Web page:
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Volume 25 Issue 2 - October 2019

  • Text
  • Performing
  • Orchestra
  • Symphony
  • Musical
  • Concerts
  • Arts
  • Jazz
  • Choir
  • October
  • Toronto
Long promised, Vivian Fellegi takes a look at Relaxed Performance practice and how it is bringing concert-going barriers down across the spectrum; Andrew Timar looks at curatorial changes afoot at the Music Gallery; David Jaeger investigates the trumpets of October; the 30th anniversary of the Velvet Revolution (and the 20th Anniversary of our October Blue Pages Presenter profiles) in our Editor's Opener; the Toronto Mendelssohn Choir at 125; Tapestry at 40 and Against the Grain at 10; ringing in the changing season across our features and columns; all this and more, now available in Flip Through format here, and on the stands commencing this coming Friday September 27, 2019. Enjoy.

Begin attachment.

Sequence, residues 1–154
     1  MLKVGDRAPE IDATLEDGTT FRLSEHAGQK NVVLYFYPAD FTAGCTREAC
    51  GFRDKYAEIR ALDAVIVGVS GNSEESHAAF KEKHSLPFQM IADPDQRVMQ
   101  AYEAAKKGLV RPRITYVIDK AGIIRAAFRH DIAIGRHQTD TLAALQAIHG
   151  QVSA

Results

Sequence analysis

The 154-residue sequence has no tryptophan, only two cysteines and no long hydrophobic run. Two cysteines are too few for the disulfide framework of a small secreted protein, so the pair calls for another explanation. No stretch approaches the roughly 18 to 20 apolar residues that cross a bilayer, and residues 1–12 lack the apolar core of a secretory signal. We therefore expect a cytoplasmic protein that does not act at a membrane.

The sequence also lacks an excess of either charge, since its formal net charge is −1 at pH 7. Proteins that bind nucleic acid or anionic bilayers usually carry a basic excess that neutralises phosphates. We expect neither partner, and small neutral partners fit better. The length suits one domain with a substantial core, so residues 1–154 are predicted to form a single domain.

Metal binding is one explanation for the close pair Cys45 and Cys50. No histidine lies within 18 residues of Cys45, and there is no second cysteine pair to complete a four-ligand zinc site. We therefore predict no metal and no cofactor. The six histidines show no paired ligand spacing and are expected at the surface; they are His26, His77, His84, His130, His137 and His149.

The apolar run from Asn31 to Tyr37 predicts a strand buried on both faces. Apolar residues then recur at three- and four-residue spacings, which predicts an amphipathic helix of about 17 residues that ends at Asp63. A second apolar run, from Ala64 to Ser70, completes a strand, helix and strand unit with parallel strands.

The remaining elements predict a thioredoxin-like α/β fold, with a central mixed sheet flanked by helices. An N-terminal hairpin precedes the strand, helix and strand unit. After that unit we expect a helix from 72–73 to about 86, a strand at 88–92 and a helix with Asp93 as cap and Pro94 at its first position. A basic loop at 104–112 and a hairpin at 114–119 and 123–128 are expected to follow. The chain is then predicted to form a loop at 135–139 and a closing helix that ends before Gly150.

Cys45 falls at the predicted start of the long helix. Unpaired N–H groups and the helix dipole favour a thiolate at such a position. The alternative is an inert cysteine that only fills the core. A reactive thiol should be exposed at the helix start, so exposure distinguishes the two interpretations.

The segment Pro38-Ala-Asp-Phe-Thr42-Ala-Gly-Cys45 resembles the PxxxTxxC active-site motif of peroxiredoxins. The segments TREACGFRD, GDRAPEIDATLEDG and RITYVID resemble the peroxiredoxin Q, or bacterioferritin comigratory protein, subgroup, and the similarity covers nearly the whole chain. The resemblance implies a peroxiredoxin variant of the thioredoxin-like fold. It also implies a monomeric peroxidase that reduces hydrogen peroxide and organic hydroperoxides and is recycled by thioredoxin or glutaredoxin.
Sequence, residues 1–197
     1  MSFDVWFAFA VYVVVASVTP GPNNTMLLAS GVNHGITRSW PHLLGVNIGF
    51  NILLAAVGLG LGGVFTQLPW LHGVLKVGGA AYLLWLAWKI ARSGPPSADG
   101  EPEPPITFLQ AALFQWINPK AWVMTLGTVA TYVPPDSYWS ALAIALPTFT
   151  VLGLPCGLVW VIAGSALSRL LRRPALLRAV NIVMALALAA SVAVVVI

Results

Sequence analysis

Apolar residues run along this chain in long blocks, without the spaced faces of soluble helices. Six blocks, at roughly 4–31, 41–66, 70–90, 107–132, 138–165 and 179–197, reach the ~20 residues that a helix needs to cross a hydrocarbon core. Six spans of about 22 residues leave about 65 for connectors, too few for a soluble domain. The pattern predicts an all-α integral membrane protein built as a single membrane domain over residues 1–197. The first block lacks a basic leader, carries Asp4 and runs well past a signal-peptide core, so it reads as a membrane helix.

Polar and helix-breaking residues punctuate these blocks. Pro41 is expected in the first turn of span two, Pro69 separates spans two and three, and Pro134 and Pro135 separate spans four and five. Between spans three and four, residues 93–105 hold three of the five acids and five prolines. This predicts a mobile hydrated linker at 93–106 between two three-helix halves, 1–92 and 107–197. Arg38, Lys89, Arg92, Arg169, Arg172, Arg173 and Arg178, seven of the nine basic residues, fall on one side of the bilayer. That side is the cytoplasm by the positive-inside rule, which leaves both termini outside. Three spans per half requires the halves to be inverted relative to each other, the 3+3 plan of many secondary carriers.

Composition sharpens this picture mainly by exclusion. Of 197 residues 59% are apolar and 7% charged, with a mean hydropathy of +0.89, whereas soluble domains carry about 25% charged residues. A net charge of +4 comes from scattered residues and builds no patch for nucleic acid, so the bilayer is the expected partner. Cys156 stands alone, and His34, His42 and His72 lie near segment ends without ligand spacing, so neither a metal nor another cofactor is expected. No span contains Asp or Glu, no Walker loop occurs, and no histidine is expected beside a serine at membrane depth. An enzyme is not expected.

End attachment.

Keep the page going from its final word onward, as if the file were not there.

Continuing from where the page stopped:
Come Back Emma Frank